He may well have faded from history, as a colourful if unreliable junior officer whose delusions of grandeur had grown too great, except the intervention of World War Two in the Far East. Even then, he should have been quickly discarded into the waste bin of history, had only his own actions being taken into account. His grandiose plans to defend the Philippines on a broad front, fell apart completely. His air force was destroyed on the ground, despite the clear warnings that have been sent to him after Pearl Harbor. His troops collapsed in the field, and only a portion of them made it through a retreat to a small, fortified peninsula, called Bataan. Frankly, they only held out on this peninsula, and on the nearby fortified island of Corregidor, for as long as they did because they were of no threat at all to the Japanese expansion, and they were left to rot on the vine while the assault troops took care of the more urgent matters in the Malaya, the Dutch East Indies, the Pacific Islands, Burma, and New Guinea. When the Japanese could finally spare the attention for a serious assault, the position crumbled quite quickly.

This ignominious failure in the field was frankly a far worse performance than that of the various other military leaders whose careers did not survive the disasters. Lord Gort’s handling of the British expeditionary Force in France, General Percival’s failures in Malaya, General Fredendall in North Africa, and Gen Lucas in Italy, all failed less disastrously than MacArthur. And he failed in the one place where he had years to prepare his troops and his strategy. The man should have been cashiered, and never seen leading troops ever again. Instead he finally got his Congressional Medal of Honor.

What saved MacArthur was his unrivalled ability with propaganda. He far surpassed his nearest allied military rivals General’s Patton and Montgomery. In fact he could be more closely compared to Joseph Goebbels, both in ability, and in veracity. Adolf Hitler and Joseph Stalin would have acknowledged their equals in the ability to tell a big lie. The lengths his propaganda team went to put his earlier fantasies to the pale. The American public were bombarded with stories about valiant defenders, and glorious victories. Not only were the Japanese dying in their thousands, and being shot out of the sky, but their battleships were being sunk apparently at will by MacArthur’s vastly outnumbered but indomitable forces. For an American public receiving a steady diet of failure and disaster in the Pacific and Atlantic, MacArthur was presented as a shining beacon of steadfast endurance and indomitable will. What a crock. His troops referred to him as 'Dugout Doug'.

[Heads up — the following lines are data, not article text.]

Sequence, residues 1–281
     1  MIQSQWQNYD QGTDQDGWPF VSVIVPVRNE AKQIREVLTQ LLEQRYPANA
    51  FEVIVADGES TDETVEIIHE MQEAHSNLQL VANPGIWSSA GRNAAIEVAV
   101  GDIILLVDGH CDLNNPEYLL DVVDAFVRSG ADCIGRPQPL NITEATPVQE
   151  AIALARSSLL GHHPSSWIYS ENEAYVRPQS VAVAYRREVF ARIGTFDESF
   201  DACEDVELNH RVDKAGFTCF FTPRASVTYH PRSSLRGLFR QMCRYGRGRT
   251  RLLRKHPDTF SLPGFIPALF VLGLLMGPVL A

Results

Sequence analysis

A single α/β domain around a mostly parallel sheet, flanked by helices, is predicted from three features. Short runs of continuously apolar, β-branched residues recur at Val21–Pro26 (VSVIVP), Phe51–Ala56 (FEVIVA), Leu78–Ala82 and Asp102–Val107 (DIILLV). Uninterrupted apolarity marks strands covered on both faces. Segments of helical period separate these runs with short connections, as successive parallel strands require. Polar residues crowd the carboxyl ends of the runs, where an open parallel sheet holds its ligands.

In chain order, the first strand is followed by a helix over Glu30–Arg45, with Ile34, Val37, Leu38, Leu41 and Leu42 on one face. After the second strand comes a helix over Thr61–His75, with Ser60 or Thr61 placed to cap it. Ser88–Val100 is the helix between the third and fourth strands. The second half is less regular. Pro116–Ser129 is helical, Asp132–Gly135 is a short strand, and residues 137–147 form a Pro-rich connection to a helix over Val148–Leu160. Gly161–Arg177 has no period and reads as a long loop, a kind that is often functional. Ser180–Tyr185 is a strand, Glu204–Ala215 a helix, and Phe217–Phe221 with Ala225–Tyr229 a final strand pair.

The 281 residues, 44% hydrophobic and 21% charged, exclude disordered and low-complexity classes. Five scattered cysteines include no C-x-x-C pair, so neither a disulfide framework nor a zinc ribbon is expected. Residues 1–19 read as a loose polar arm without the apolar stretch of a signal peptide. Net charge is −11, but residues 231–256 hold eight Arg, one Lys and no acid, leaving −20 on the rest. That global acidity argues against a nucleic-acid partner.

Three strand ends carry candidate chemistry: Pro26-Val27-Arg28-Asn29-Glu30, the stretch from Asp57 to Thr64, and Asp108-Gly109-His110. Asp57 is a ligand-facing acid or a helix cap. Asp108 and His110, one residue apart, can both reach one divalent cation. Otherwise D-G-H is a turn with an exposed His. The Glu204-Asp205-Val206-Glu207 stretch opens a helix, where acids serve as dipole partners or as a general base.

Nonetheless he managed to pitch himself in such a way that his surrender would have been a disaster to American morale. MacArthurs name was trumpeted, by a politically partisan Republican press as much as by his own HQ bootlickers, as the most heroic individual since David faced Goliath. Unlike his own field commander Gen Wainright, or Gen Perceval in Malaya, there was no chance that McArthur would go down with the ship. Other generals might go into captivity with their men, but McArthur, or at least the myth of MacArthur, had to escape. His American superiors ordered him to Australia.

There was a problem in this for President Roosevelt and General Marshall. MacArthur’s popularity was so great, that there was a serious move in Congress to bring him back to America and put him in command of all American armed forces. This was theoretically the position that the President was supposed to hold in the American system, and would definitely have outranked the far junior Chief of Army Staff Marshall. Neither regarded McArthur with anything more than disdain, both considered he had failed dismally in the Phillipines, and both needed him as far away as possible. Fortunately for them, an inexperienced and panicky Australian government under Prime Minister John Curtin appealed for American aid. Not being able to send much of any use at the time, and not believing that Australia was facing much of a genuine threat, Roosevelt and Marshall were pleased to offer them MacArthur instead. Like the equally difficult Joseph Stillwell (on whom another post later), it would be a pleasure to have such a loose cannon as far away as possible. Meanwhile the Curtin government was happy to accept him, as they viewed him as a convenient “suction pump” for reinforcements.